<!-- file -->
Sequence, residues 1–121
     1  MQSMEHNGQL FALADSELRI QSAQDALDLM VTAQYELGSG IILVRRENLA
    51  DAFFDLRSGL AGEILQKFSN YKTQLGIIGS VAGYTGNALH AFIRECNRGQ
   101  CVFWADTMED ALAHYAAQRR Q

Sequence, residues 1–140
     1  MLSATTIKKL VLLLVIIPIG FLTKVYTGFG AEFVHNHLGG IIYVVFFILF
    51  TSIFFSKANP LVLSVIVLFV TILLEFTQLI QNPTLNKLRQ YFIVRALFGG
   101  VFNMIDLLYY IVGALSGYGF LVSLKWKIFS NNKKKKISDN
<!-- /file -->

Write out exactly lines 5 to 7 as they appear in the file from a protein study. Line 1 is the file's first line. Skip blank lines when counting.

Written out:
Sequence, residues 1–140
     1  MLSATTIKKL VLLLVIIPIG FLTKVYTGFG AEFVHNHLGG IIYVVFFILF
    51  TSIFFSKANP LVLSVIVLFV TILLEFTQLI QNPTLNKLRQ YFIVRALFGG